will have go to jail for some imagined reason, and it should be her
    because her life is almost over. (“No, mama. We had auto insurance,
    and even though your grandson was responsible
    for the very minor auto accident, we don’t have to worry about it.
    That’s why we have insurance. And they wouldn’t let you go to jail for
    him anyway, it doesn’t work that way.”) Once we can get her reassured
    that everything’s fine, it’s manageable. But it can take her a really
    long time to be reassured. She’s living in an independent living
    facility because she can still care for herself, we are blessed in that
    regard. I can’t imagine the level of frustration and anger you must
    feel towards the drug addict. Yes, I know family is family, but your
    mother is your mother. I keep you, your mother
    and your family – including the drug addict – in my prayers, Rebecca.

  6. Don’t forget to put her numbers on the do-not-call list.

    We got a call out of the blue saying I owed money on an old Mastercard account. My husband almost gave a credit card number to pay it because he was worried about our credit. It turned out that I didn’t owe anything because I never had the account to begin with. Somehow a bill collector got it and started hounding us. I read that fake collector companies call random people hoping they will pay because they are scared.

    God bless all of you. Tough situation.

  7. My mother went through that as well. It tended to be worse if she was in a hospital or nursing home rehab, like daily worse. (She would in her worst moments accuse everyone of murder or trying to murder her.) When she was at home, it ran to once a week or so. In her case, she turned psychotic, yelling, screaming words I didn’t think she knew, occasionally hitting. Fortunately, she couldn’t move out of her chair or it would have been much, much worse. And unlike you, I was her sole caregiver, Talk about draining! She died nearly 5 years ago. Oddly, near the end, she reverted in the few minutes she was awake to a sweet child. I still miss her. Oddly, Dad who slid into dementia over a ten year period after a stroke didn’t have sundowner’s. His worse moments would come only if I tried to get him out of bed before noon (yes, literally noon). So, I just let him sleep until then.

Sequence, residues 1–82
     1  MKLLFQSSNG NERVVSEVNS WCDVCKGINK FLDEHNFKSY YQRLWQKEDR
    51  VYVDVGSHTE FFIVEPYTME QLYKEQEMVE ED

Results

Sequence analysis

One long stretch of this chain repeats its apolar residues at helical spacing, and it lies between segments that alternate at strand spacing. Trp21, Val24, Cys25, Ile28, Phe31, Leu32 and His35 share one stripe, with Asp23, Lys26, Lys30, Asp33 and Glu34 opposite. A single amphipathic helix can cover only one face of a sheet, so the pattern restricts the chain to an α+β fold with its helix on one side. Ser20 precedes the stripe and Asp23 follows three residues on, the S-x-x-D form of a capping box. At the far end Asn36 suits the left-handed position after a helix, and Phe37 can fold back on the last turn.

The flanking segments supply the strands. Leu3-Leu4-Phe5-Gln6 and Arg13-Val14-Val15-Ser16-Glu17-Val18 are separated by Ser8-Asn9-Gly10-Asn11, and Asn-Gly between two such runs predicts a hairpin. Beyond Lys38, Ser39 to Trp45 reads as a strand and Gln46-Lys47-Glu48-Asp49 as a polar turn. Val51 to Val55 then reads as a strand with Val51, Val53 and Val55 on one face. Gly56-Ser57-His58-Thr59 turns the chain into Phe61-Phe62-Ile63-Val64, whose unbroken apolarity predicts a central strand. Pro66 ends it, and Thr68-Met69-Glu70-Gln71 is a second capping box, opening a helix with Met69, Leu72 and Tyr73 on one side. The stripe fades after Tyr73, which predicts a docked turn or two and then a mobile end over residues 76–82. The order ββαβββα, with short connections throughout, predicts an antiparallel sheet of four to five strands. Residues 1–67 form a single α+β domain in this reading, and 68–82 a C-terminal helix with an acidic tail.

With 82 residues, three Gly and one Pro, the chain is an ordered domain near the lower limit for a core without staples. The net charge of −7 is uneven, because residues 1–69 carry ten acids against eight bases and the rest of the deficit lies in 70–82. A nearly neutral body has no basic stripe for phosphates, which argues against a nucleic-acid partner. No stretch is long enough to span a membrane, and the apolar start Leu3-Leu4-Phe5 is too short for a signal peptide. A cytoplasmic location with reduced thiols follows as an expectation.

I would suggest that you do not allow your mother near a phone at home and especially not at day care or any other facility. I would also make certain that she does not have access to any mail or newspapers unless you or your husband screen it first. And if there’s any chance of it bothering her, get rid of it. As for the newspaper, I suspect that if you just stop it, she’d probably not even notice.

  8. Your patience with the family drug addiction astounds me. For me, even if jail hadn’t worked before, I’d try again, lol, not so much to help her as to get her out of the way. One family hardship at a time, if it can be helped, eh?

    Anyway, I’ve got no advice. I was raised alongside my sisters, one of whom is profoundly mentally handicapped. My mother is heroic. I will pray for you and yours, Ms. H.

  9. One thing you may not have thought of: Don’t let her watch Fox News. Their news is overblown and will probably upset her. I live in a retirement community and some of the people here watch Fox News almost religiously. They are the ones who are always upset, fearing the worst and edging towards dementia if they are already not in it.